Two-tier tax system for motorway drivers

* Pay more road tax to use motorways * Plan slammed as elitist * Government needs to replace falling revenues...

Two-tier tax system for motorway drivers

Drivers who use motorways could be forced to pay higher Vehicle Excise Duty (VED) rates, according to proposals being considered by the Department for Transport and Treasury.

Under the two-tier plan, part of a driver's VED would be paid to private operators who would manage the UK's roads.

Cameras could be used to spot those who had not paid the higher rate of tax. Drivers caught dodging the tax would then be fined.

The research has been prompted by the need to find ways to replace dwindling revenues from road tax and fuel duty, as manufacturers produce increasingly efficient vehicles.

Official data suggests that the current 6bn annual revenue from road tax could plummet by 75% by 2029-30.

However, a Treasury source said that the plan would not necessarily mean drivers paying more than at present.

It is also unlikely that drivers would be charged depending on how far they drive on motorways, or whether they use them at peak times, such as during rush-hour periods.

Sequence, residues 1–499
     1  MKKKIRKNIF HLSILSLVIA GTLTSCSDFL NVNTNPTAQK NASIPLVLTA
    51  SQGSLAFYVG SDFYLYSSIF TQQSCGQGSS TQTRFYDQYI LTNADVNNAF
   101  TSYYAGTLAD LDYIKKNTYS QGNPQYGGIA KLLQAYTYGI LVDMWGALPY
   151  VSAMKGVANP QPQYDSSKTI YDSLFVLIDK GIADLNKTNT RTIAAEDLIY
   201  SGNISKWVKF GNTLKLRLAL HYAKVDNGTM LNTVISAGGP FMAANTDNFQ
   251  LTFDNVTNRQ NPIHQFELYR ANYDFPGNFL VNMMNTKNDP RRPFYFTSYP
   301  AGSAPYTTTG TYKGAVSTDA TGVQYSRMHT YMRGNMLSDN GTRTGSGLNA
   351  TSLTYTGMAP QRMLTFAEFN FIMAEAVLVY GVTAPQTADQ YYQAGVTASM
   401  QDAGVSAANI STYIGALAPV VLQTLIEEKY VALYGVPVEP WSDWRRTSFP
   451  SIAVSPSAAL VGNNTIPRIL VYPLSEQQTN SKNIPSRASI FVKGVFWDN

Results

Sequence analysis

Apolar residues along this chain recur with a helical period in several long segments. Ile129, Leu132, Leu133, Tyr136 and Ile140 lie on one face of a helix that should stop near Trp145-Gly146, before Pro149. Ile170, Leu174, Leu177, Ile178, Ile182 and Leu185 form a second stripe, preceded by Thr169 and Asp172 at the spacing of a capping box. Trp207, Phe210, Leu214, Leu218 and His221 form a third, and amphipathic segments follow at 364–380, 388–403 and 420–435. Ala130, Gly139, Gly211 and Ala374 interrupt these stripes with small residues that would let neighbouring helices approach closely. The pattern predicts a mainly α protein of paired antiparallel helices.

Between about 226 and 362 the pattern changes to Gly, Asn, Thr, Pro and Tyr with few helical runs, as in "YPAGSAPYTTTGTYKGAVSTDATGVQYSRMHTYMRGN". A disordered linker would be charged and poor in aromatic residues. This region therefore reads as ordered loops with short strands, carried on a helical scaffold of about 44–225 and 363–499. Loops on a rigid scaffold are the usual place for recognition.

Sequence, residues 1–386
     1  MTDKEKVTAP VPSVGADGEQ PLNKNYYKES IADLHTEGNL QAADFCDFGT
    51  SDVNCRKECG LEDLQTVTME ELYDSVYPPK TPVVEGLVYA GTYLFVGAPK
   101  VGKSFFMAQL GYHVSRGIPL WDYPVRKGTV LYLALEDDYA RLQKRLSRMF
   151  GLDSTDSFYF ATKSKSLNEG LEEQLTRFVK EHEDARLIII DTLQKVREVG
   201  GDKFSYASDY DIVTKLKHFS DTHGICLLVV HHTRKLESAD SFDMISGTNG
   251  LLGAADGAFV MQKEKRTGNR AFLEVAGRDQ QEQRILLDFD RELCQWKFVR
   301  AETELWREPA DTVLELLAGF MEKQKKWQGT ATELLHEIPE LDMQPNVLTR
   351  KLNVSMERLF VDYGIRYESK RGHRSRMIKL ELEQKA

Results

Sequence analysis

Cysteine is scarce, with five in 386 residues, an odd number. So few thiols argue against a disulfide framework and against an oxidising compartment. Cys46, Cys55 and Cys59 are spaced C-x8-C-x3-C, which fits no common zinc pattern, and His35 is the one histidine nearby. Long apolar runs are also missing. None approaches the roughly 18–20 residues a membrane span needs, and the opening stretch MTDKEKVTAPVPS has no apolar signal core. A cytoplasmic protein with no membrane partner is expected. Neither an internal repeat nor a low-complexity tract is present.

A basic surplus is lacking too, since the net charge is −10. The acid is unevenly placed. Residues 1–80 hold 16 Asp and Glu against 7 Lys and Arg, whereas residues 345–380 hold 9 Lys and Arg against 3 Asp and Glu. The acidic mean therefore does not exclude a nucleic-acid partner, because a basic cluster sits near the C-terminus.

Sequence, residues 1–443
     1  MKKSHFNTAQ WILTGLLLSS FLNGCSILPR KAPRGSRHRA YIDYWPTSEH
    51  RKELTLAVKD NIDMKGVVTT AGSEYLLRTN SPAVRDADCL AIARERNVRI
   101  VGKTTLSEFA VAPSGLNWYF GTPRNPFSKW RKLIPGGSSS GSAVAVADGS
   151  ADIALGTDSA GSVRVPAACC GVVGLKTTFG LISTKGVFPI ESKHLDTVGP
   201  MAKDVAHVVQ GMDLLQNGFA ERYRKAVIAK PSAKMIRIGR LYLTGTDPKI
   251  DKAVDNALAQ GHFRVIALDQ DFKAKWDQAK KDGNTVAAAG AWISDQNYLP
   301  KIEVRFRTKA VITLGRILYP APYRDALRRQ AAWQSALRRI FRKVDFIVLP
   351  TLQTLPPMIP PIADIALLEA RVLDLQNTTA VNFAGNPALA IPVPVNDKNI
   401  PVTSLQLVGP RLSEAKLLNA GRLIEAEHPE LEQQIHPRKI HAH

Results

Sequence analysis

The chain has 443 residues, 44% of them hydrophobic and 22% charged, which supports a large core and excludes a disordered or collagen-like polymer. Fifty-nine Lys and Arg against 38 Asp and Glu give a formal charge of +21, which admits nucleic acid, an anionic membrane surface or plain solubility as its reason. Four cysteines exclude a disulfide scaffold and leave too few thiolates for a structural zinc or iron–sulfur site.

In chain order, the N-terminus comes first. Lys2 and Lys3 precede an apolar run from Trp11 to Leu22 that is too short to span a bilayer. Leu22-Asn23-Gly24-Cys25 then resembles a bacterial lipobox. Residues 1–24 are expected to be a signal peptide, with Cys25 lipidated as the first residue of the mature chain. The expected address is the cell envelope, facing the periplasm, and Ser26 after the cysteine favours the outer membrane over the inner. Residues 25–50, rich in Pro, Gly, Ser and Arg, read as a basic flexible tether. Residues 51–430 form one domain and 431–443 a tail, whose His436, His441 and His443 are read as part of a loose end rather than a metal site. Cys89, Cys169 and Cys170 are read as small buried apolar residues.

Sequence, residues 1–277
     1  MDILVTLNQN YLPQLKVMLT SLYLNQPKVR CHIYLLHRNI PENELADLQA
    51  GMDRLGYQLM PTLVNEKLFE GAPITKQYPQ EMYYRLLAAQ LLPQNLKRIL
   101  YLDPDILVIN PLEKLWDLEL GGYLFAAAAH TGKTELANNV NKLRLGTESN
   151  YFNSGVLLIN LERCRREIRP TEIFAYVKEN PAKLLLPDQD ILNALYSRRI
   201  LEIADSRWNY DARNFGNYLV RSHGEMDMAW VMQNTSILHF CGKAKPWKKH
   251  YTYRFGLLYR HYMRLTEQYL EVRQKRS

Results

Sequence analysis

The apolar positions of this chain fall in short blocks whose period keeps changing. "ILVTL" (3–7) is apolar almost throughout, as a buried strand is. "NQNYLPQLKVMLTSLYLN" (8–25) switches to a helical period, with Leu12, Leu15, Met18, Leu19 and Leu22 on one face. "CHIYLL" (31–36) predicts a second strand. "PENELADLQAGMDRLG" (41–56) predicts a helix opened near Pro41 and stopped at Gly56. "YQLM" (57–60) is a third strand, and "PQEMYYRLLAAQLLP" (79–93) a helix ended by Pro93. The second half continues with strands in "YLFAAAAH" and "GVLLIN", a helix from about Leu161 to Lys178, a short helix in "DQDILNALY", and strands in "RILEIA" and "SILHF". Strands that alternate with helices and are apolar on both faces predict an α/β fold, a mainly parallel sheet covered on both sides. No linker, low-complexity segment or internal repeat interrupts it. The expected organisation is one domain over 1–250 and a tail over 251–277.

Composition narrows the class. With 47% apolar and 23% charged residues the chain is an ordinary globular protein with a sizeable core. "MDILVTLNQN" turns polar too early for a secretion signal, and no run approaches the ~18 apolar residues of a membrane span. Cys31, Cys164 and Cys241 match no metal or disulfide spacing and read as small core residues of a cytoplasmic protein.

A spokesman for the Department for Transport said: 'The Government will not implement tolls on existing road capacity and has no plans to replace existing motoring taxes with pay-as-you-go road charging.'

The findings of the study have been attacked as elitist by the AA, though. The motoring body claims any such moves could make motorways the preserve of the wealthy and increase congestion on rural roads.

AA spokesman Paul Watters, said: We dont want a first- and second-class system on the roads. It will lead to slower journeys and more congestion. It will also be an extra nuisance to towns and villages and increase the risk of accidents as A-roads become too busy.

However, Stephen Glaister, director of the RAC Foundation, said that a scheme could work if the money raised was ring-fenced and used to improve the road network.

He said: 'Ministers would go a long way to restoring trust among drivers if the proceeds were ploughed back into road provision.'

By Pete Barden